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We Get Petrol At N200 Per Litre From Depots, IPMAN Cries Out

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The Independent Petroleum Marketers Association of Nigeria (IPMAN) has decried the ‘unsustainable’ price that the private depot owners sell the premium motor spirit, otherwise known as petrol in the country.
Speaking, yesterday, on Channels Television’s Sunrise Daily, the Deputy National President of IPMAN, Zarama Mustapha, revealed that the private depots get petrol at the approved price of N148/litre from the sole importer of the commodity, the Nigerian National Petroleum Company (NNPC) Limited, however, sell it for as high as N195 to N210 to independent marketers, which is not sustainable.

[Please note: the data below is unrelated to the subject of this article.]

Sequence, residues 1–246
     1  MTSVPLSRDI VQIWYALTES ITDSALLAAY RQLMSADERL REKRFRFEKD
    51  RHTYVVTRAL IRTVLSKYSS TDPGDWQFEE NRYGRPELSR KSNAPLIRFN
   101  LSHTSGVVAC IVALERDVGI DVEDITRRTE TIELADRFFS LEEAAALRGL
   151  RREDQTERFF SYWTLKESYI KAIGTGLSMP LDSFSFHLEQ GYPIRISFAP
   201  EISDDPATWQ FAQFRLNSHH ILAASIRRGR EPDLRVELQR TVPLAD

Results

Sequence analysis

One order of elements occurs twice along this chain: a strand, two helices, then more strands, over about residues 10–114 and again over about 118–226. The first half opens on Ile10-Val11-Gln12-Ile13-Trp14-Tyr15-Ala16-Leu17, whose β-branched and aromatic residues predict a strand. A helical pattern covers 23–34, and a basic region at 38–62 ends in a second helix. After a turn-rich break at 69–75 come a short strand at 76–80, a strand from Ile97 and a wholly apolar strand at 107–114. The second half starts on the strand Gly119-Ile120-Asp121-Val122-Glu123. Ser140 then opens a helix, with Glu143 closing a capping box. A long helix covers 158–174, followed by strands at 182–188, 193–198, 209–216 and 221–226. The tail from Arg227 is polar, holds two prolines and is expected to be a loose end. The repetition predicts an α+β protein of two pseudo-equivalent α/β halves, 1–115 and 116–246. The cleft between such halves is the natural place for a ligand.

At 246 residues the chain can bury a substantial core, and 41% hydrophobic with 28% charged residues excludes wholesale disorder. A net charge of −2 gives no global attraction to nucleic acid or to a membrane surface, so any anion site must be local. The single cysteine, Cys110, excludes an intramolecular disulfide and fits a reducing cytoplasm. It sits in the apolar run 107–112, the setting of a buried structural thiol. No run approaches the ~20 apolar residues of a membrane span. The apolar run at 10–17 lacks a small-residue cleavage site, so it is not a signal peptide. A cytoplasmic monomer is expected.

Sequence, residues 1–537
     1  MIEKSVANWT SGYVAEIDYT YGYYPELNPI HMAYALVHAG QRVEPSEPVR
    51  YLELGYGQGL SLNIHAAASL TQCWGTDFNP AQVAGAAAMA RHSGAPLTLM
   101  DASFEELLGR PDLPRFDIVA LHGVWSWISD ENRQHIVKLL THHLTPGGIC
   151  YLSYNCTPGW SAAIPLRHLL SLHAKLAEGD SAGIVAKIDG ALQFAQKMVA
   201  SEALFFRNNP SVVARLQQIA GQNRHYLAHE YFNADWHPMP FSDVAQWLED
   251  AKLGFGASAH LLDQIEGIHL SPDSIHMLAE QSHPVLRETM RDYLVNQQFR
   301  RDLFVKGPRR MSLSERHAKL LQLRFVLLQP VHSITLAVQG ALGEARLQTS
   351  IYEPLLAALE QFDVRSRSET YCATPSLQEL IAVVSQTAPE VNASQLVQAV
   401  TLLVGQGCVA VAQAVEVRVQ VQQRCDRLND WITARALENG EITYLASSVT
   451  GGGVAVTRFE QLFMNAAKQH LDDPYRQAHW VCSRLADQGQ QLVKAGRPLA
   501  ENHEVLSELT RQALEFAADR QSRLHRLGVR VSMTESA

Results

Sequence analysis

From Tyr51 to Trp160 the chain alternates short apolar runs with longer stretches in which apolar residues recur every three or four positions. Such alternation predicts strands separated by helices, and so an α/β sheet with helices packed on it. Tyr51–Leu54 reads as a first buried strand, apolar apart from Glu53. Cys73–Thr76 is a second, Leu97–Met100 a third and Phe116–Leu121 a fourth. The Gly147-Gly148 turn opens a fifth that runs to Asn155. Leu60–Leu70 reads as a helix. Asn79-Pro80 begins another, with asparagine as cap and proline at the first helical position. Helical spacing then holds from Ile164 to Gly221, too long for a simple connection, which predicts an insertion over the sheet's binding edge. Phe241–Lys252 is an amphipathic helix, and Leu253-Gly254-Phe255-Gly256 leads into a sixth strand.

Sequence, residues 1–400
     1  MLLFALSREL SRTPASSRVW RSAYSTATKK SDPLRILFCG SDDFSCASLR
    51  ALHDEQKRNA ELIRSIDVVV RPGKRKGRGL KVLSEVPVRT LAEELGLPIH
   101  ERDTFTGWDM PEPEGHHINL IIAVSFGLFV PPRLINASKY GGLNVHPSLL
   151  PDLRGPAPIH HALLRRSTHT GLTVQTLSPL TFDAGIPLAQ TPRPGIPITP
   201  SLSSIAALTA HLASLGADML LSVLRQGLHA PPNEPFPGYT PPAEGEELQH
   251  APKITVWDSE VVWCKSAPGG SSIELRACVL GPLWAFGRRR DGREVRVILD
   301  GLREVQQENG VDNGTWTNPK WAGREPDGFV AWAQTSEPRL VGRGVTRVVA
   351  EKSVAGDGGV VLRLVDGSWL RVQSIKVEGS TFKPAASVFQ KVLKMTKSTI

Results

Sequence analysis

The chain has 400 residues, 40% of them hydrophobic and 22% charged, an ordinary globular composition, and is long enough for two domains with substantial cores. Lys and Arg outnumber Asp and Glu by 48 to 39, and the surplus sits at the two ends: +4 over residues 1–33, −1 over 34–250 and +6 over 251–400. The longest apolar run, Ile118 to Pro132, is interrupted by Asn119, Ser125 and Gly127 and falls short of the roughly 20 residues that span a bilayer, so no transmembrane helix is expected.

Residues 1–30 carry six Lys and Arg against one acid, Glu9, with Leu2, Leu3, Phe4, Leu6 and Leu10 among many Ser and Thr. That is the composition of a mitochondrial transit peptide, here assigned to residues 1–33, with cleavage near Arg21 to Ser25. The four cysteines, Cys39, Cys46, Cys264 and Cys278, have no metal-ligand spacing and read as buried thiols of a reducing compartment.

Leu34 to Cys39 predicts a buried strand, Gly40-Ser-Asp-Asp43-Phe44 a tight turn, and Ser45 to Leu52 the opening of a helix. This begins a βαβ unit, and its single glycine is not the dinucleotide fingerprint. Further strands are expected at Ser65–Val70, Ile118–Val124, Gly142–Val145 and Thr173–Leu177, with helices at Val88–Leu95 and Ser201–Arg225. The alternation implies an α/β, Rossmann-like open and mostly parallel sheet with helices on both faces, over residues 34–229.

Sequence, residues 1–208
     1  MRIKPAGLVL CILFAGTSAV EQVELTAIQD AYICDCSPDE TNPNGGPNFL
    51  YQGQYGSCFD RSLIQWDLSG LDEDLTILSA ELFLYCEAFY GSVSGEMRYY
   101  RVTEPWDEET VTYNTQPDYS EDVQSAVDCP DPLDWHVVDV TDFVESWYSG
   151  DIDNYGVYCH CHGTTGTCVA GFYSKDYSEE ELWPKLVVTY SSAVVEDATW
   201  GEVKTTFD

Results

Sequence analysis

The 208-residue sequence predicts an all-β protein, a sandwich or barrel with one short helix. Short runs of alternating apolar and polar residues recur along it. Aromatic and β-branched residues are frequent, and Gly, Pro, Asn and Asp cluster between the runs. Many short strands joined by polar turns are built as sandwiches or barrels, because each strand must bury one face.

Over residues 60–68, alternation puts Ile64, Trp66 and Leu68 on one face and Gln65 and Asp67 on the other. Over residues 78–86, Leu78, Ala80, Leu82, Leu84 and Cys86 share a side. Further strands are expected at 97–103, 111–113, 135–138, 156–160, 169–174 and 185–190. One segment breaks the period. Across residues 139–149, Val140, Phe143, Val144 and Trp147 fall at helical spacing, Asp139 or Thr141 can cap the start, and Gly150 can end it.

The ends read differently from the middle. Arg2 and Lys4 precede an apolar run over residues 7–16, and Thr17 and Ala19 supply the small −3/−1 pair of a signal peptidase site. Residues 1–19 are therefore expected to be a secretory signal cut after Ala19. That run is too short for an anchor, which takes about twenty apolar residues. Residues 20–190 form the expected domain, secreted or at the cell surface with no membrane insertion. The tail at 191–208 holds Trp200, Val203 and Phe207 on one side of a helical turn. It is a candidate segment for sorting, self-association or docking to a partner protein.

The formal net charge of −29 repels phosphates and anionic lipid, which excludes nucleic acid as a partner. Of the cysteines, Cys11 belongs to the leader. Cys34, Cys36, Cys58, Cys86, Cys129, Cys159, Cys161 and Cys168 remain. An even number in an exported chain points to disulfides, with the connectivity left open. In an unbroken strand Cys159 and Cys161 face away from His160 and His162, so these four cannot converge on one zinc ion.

“Though marketers get petrol at the approved price of N148/litre from NNPC depots, the company does not have enough storage facilities to cater to the needs of marketers, hence, the latter resorts to private depot owners. It is more of the issue of private depots collecting the products at the approved price and not selling to the independent marketers at a price approved by the mainstream, downstream regulatory authority.
“You cannot get a product at N195 to N200 and expect to sell it at N175,” he noted.
The IPMAN official said depot owners give excuses such as the cost of transporting the product from the mother vessel to their depots and escalation of the dollar as reasons for the price hike.
Mustapha lamented that most Lagos depots are in a chaotic situation and marketers spend three days to load refined petrol that they are not supposed to spend more than three hours to lift.